The Peter Crouch Myth
It seems to be widely accepted as fact that Peter Crouch only scores goals for England when faced with weak opposition. Having never felt that this reputation was justified, I have investigated statistically and found startling results that show that he is an incredibly prolific and underrated international centre forward and will change the face of Peter-Crouch-only-scores-against-rubbish-teams-ology forever.
I am going to compare Peter Crouch to his most-capped contemporaries in the England strike force as well as the other major centre forwards from England’s recent past. The line-up, starting with the earliest capped, is Gary Lineker, Alan Shearer, Teddy Sheringham, Michael Owen, Emile Heskey, Wayne Rooney, Peter Crouch, Jermain Defoe and Darren Bent.
Appearance and goal records are up to date for the end of the 2010-11 season – the last match included is the Euro 2012 qualifier against Switzerland on 4th June 2011.
This post uses the ranking based on the World Football Elo Ratings to quantify the quality of international teams. A country’s rank for a particular match is considered to be where they were ranked in the world just before that match began.
I’ll start by having a look at basic scoring rates without considering the quality of opponents.
Peter Crouch has a record of over one goal every other game and is second in this list only to Gary Lineker. His record becomes even more impressive when we consider how many minutes Crouch averages on the pitch per England appearance.
Crouch plays an average of only 52 minutes for every cap he earns. This is lower than all except Defoe and, crucially, half an hour less per match than Lineker, the only player to best him in goals per appearance. Here are revised figures of goals per match, but now a match is defined by 90 minutes of aggregated international playing time:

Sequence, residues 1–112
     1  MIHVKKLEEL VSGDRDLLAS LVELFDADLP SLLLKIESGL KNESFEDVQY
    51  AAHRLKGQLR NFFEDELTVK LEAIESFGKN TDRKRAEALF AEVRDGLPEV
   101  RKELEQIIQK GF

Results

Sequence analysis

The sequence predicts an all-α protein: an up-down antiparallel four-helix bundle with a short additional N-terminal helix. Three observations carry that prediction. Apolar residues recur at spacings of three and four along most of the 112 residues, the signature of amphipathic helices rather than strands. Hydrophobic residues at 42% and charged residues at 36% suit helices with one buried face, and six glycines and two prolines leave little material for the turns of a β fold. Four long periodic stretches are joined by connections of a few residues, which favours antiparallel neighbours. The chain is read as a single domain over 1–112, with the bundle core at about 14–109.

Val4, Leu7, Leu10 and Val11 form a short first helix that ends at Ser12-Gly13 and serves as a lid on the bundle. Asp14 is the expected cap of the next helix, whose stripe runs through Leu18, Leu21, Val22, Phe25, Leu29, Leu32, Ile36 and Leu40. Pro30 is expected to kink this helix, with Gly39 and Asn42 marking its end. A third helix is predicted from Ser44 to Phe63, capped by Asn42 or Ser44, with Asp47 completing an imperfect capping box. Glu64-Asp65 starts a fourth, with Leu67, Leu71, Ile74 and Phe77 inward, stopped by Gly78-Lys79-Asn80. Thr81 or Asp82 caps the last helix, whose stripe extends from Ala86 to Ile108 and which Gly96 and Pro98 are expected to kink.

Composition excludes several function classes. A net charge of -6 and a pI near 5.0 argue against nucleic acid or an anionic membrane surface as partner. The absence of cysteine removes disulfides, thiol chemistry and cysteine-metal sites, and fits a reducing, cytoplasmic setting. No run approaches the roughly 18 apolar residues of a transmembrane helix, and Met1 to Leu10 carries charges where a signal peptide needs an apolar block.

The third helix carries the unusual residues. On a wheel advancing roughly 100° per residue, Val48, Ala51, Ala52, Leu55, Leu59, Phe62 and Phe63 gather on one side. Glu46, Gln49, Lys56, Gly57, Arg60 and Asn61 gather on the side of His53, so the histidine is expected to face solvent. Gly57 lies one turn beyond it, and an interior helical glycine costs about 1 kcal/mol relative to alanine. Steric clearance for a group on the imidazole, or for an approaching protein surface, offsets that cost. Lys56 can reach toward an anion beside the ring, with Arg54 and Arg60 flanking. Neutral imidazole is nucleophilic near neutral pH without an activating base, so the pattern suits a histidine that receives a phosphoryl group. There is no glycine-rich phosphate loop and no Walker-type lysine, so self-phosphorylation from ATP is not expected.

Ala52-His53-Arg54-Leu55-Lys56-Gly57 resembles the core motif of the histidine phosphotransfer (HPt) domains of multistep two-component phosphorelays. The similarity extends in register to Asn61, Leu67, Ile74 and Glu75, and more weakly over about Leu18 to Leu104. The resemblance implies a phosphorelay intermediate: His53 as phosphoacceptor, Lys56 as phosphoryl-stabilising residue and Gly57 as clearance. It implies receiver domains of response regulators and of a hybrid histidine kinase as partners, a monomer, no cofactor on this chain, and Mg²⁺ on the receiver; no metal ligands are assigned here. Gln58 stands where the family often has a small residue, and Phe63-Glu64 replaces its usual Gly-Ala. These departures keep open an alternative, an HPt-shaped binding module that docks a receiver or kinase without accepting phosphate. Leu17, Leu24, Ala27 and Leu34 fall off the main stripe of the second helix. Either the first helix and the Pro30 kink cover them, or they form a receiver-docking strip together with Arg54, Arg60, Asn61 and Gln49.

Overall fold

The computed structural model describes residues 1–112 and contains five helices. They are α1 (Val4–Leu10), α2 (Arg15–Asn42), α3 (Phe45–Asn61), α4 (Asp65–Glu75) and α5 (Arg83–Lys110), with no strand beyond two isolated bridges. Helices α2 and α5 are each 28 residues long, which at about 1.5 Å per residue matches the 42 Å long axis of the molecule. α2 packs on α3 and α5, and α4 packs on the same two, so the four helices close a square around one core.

Peter Crouch’s goals per ninety minutes figure of 0.91 is exceptional and significantly better than those of celebrated England strikers Gary Lineker, Alan Shearer, Michael Owen and Wayne Rooney. So what if Crouch’s goals only come against weak teams? Goals against weak teams are valuable; I seem to remember England failing to beat an 80th ranked Macedonia side in qualifying for Euro 2008 – one England goal in that match would have ultimately seen them qualify for the finals. I also recall England failing to beat an 82nd ranked Algeria side at the 2010 World Cup – one England goal in that match would have seen them facing Ghana in the last sixteen instead of Germany.
But remember I said “if Crouch’s goals only come against weak teams”. I don’t think that this is the case, and here’s some number crunching that backs me up:
Below is the mean rank of the opposition that each striker has netted against. The higher the red line the stronger the opponents they tend to score against.
From this it seems that Crouch’s critics have a point. Although far from the weakest, his goals come against weaker opposition than all but Rooney’s and Defoe’s. But before we jump to any conclusions we should really take into account the average quality of opposition that each player has played against. Had a player only ever featured in matches against 232nd ranked Palau we could hardly blame them for only ever finding the net against 232nd ranked Palau. The blue line shows mean opponent rank weighted by minutes played:
Now the real picture is starting to emerge. The countries that Crouch scores against are admittedly on the weaker side, but the countries that he plays against are also on the weaker side. Only Jermain Defoe is pitted against weaker opposition than Crouch and only by an average ranking position of one. If you choose to take the difference between opponent rank by minutes played and goals scored as your indicator of a quality marksman (i.e. the smaller the distance between the red and blue lines the better) Crouch comes out better than Shearer, Heskey, Rooney, Defoe and Bent.
However, I don’t think simply averaging out the opponent rank of a player’s goals is a very fair measure – and I think that it’s unfair on Peter Crouch. That’s right: I think that Crouch’s record should be seen as even better than the above graph suggests.